Despite having completed the PhD, it certainly did feel like it, cause I didn’t have my diploma in my hands! Not until today when I visited the Spanish Embassy in Athens to receive a package that arrived…!
Minutes after visiting the embassy, I opened the cylinder and took my PhD papyrus out! Now, I am reliving the joy of the completion of the PhD and the sense of achievement that comes with! Here’s a part of my diploma, below!
Signed by the King of Spain (!), with the magic word “Doctor”, complemented with the “Doctor Internacional” attribute some lines below! I wish I could receive a copy of this every year or so, just to get the same feeling over and over again! How cool would that be? To conclude this “small” self-promoting post, I would like to quote the acknowledgement section of my PhD, just to say one more thank you to all the people that helped me through this adventure!
“It seems really amazing how someone can go on and on, mumbling for almost 300 pages about metadata, but get completely stuck when called upon to write two pages of acknowledgements! I am trying really hard to summarize the journey of the past five years, into a couple of cohesive and accurate sentences. I cannot do it on my own; not without borrowing some words at least. Konstantinos P. Kavafis said it already in his poem “Ithaca”: “Ithaca has given you the beautiful journey. Without her you would not have set out on the
road. Nothing more does she have to give you”.
My PhD study, has been the perfect analogy to my personal Ithaca that I finally reached. An Ithaca not only related to the PhD study itself, but also an Ithaca of an endless list of personal ups and downs that made these five years a period of my life that I will never forget. To begin with, during this journey I have had the priviledge to work with many inspiring and above all, generous colleagues and friends that did more than they had to, asking less than they deserved in return. Hannes (Ebner), you’ ve been an enormous help in the first and most important experiment of my PhD with all the technical support. But above all, you have shared with me the agony for my PhD as I did with yours. Beers and laughing sure did the trick for me and I hope that you are also completing your thesis as we speak.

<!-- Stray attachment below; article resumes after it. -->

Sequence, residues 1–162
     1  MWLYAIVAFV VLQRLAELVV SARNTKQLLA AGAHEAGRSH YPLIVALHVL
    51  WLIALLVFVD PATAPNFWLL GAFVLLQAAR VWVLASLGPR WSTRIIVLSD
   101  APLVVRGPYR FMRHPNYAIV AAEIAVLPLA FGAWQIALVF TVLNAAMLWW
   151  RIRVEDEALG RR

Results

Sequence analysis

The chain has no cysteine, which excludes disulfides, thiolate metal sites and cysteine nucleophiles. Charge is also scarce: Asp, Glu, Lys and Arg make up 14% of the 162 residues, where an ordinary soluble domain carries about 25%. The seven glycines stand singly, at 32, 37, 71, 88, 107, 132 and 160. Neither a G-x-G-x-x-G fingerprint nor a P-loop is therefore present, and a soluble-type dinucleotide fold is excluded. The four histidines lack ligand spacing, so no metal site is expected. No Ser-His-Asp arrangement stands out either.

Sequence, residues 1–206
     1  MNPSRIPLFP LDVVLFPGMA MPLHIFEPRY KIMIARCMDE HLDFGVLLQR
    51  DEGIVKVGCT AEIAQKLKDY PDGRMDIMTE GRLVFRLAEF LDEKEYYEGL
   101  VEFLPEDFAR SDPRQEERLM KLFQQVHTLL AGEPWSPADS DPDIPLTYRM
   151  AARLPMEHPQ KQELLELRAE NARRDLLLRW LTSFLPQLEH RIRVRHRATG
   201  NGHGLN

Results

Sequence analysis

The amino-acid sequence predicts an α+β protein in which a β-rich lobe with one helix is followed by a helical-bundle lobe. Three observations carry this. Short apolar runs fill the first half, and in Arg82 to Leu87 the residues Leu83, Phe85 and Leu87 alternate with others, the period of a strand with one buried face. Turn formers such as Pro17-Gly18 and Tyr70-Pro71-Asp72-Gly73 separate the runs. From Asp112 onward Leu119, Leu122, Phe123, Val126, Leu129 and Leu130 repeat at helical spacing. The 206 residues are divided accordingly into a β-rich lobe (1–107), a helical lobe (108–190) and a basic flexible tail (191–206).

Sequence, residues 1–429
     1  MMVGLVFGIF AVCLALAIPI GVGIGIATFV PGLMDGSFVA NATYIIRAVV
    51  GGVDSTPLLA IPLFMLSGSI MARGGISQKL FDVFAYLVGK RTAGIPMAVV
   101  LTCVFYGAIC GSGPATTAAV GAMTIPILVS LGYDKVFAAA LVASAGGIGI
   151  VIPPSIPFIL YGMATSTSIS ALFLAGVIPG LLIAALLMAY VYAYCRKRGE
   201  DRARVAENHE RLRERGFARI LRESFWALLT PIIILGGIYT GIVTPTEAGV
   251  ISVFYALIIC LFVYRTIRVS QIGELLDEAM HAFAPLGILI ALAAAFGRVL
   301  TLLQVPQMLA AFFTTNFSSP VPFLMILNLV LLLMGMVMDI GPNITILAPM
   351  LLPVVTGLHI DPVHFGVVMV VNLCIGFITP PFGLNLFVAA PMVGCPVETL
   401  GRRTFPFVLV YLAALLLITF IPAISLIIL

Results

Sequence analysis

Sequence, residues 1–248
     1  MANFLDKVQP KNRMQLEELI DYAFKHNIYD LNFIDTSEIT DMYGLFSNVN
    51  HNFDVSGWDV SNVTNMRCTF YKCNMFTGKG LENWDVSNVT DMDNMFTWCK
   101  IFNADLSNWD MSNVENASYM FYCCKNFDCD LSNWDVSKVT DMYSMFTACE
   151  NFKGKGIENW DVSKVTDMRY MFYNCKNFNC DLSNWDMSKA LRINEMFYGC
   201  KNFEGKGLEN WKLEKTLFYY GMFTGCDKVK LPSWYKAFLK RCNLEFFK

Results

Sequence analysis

Kostas (Makris), thank you for being there, despite the hectic schedule, to provide me with data from the Natural Europe project on demand, no matter the time or day of the week. Vassilis (Protonotarios), thank you for deploying the peer review experiments in a couple of cases, but most of all thanks for taking the time to understand and apply all the crazy ideas I came up within the projects you worked. Miguel (Refusta), thanks a lot for replying to all the requests for data from VOA3R from this crazy Greek (that’s me), even if they went a bit outside your job description. Charalampos (Thanopoulos), thanks for allowing me to meddle with your workshops and sessions, to test my assumptions and theories. Effie (Tsiflidou), thanks for collecting data, presenting work and analyzing data for this final part of the PhD study. I hope that this has been a useful experience for you and also that I can return the favor helping out with your dissertation. Miguel-Angel (Sicilia) thank you for supporting my decision to start a PhD with the University of Alcala de Henares some time ago. Most of all, thank you for knowing when to intervene, silently and gracefully to keep me in track with my obligations. Pythagoras (Karampiperis), thanks for “tricking” me into publishing my first journal paper during a time that I was really over-researching instead of just writing! I always though of myself for smarter than that, but you managed to trick me, so hats-off to you!